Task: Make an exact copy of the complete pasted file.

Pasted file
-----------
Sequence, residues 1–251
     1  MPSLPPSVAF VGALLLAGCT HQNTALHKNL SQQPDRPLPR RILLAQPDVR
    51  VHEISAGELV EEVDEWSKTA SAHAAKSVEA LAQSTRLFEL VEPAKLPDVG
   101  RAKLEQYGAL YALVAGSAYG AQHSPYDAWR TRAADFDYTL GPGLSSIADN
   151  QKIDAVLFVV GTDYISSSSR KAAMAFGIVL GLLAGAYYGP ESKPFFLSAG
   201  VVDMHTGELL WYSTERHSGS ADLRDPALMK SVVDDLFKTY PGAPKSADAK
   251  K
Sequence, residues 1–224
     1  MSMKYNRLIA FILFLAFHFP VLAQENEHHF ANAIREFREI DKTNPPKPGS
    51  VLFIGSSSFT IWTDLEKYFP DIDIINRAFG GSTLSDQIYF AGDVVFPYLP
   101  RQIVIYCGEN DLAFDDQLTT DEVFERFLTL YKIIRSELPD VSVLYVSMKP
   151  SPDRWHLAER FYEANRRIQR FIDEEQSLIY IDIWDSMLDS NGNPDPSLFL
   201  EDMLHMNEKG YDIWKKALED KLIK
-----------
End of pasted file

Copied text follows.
Sequence, residues 1–251
     1  MPSLPPSVAF VGALLLAGCT HQNTALHKNL SQQPDRPLPR RILLAQPDVR
    51  VHEISAGELV EEVDEWSKTA SAHAAKSVEA LAQSTRLFEL VEPAKLPDVG
   101  RAKLEQYGAL YALVAGSAYG AQHSPYDAWR TRAADFDYTL GPGLSSIADN
   151  QKIDAVLFVV GTDYISSSSR KAAMAFGIVL GLLAGAYYGP ESKPFFLSAG
   201  VVDMHTGELL WYSTERHSGS ADLRDPALMK SVVDDLFKTY PGAPKSADAK
   251  K
Sequence, residues 1–224
     1  MSMKYNRLIA FILFLAFHFP VLAQENEHHF ANAIREFREI DKTNPPKPGS
    51  VLFIGSSSFT IWTDLEKYFP DIDIINRAFG GSTLSDQIYF AGDVVFPYLP
   101  RQIVIYCGEN DLAFDDQLTT DEVFERFLTL YKIIRSELPD VSVLYVSMKP
   151  SPDRWHLAER FYEANRRIQR FIDEEQSLIY IDIWDSMLDS NGNPDPSLFL
   201  EDMLHMNEKG YDIWKKALED KLIK